I left Wilson’s place on the 29th, and arrived in this city the same date. A squadron of cavalry was left on Black Bayou to picket and report in case the enemy should return. I consider it highly improbable that the enemy will ever attempt to reach the Yazoo River through Lower Deer Creek. The creek from Hill’s lower place (Kelsaw) to Paxton’s, 3 miles from the mouth, has never been cleared out, the trees generally overlapping. The water is deep enough for steamers, but it would require a great deal of labor to make it practicable. The part uncleared is about 20 miles, and the country on either side of the creek overflowed except a narrow skirt of bank. Should the enemy attempt this route, it will be necessary to establish our work in front of Wilson’s place (say at Hardee’s, the place beyond Wilson’s), as the communication between Wilson’s and Hardee’s by land is impracticable, and by the creek about 9 miles. The route by Geary [Greasy?] Bayou to Hardee’s will have to be used. By this route the steamer can go to within 3 miles of Hardee’s, and from the steamer large flat-boats can go through the overflow to within 100 yards of Hardee’s. All that is necessary to be done by this route is to have the route blazed through the overflow. To operate in this creek, it will be necessary to have a great many skiffs, as they really afford the only means of moving about until Hill’s Kelsaw place is reached, from which there is a good road to Black Bayou, about 6 miles. I discontinued the felling of trees in Deer Creek, as, in my opinion, the creek was more obstructed by the standing timber than by the timber felled. The timber is very heavy, and on being felled sinks to the bottom, and the boats can generally run over it, or, after being felled, it can readily be pushed into the overflow from the creek. The trees by being felled make a clearing or road for the boats, so the felling of timber at the present high water rather assists the enemy than otherwise. The water is now rising, and the higher it rises the more the standing timber is an obstruction to boats. The timber generally is not tall enough to reach across the creek, or sets back so far from the creek that, when felled, the limbs only reach the deepest water.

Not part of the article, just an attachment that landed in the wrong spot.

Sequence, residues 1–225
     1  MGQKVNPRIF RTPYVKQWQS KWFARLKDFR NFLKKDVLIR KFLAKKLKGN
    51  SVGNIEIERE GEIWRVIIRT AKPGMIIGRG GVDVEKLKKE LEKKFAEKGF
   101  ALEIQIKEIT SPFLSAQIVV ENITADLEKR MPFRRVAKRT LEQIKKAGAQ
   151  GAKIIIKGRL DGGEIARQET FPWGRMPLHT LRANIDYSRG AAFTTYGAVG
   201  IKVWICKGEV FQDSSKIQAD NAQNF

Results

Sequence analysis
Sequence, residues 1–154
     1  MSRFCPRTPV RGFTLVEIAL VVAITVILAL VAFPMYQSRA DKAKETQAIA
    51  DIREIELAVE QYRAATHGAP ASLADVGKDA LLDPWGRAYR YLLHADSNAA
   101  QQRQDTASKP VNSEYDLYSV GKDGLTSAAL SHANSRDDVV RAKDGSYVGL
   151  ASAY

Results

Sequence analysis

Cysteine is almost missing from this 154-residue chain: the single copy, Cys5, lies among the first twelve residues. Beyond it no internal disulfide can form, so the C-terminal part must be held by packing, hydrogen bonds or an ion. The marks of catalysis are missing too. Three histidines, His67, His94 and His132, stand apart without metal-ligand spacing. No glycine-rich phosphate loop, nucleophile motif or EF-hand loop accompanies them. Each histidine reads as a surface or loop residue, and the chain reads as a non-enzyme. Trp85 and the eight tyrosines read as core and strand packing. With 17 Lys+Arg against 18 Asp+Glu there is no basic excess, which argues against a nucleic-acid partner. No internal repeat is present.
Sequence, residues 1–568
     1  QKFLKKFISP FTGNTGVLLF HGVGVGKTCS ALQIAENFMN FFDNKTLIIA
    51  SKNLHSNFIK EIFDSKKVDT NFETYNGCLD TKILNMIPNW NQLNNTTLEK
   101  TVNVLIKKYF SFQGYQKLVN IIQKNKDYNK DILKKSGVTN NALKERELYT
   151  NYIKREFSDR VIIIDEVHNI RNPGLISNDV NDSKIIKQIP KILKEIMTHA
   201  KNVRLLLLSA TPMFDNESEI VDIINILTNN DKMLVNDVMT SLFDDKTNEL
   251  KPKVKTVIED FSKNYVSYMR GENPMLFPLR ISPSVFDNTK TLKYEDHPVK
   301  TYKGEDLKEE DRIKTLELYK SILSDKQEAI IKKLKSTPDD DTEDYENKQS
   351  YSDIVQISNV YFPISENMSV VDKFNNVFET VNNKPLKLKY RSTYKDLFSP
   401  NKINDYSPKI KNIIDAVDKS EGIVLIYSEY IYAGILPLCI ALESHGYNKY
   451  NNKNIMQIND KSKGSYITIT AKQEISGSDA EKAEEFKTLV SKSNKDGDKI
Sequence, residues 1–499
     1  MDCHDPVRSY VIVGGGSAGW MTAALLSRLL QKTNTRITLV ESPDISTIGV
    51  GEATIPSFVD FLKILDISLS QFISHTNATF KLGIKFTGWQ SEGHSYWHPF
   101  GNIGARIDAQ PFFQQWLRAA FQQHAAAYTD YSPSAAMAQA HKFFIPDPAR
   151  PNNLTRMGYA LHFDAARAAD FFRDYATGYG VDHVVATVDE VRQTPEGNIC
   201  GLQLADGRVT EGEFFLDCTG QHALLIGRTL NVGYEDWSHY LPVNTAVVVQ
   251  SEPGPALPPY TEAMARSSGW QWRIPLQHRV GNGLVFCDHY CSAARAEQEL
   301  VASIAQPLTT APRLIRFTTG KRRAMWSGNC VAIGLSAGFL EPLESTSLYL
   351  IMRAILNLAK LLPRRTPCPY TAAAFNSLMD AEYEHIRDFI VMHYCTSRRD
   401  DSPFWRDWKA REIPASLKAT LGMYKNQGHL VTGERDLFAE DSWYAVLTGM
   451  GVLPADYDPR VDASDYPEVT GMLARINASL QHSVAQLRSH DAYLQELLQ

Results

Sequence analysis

I would respectfully recommend that a number of skiffs be at once constructed for service on Lower Deer Creek, and a small force (say 100 men) be left to watch the enemy above Hardee’s.
     General [Louis] Hebert, at Snyder’s Mill, has taken charge on Deer Creek since my return.
     Respectfully submitted.  


STEPHEN D. LEE, 
Brigadier-General.


Major [J.J.] REEVE,
A.A.G., 2d Dist., Dept. Miss. And E. La., Vicksburg, Miss.

P.S. – I inclose two sketches from the creek, which will explain the references.*

*See pp. 462, 463.
 
 

Sources:
Text and Maps:
THE WAR OF THE REBELLION: A COMPILATION OF THE OFFICIAL RECORDS OF THE UNION AND CONFEDERATE ARMIES PREPARED UNDER THE DIRECTION OF THE SECRETARY OF WAR, BY BVT. LIEUT. COL. ROBERT N. SCOTT, THIRD U.S. ARTILLERY AND PUBLISHED PURSUANT TO ACT OF CONGRESS APPROVED JUNE 16, 1880.
The US Government Printing Office
Volume: XXXVI: Pages 430-667
Photographs:
NAVAL HISTORICAL CENTER
Washington Navy Yard
805 Kidder Breese Street SE
Washington Navy Yard, DC 20374-5060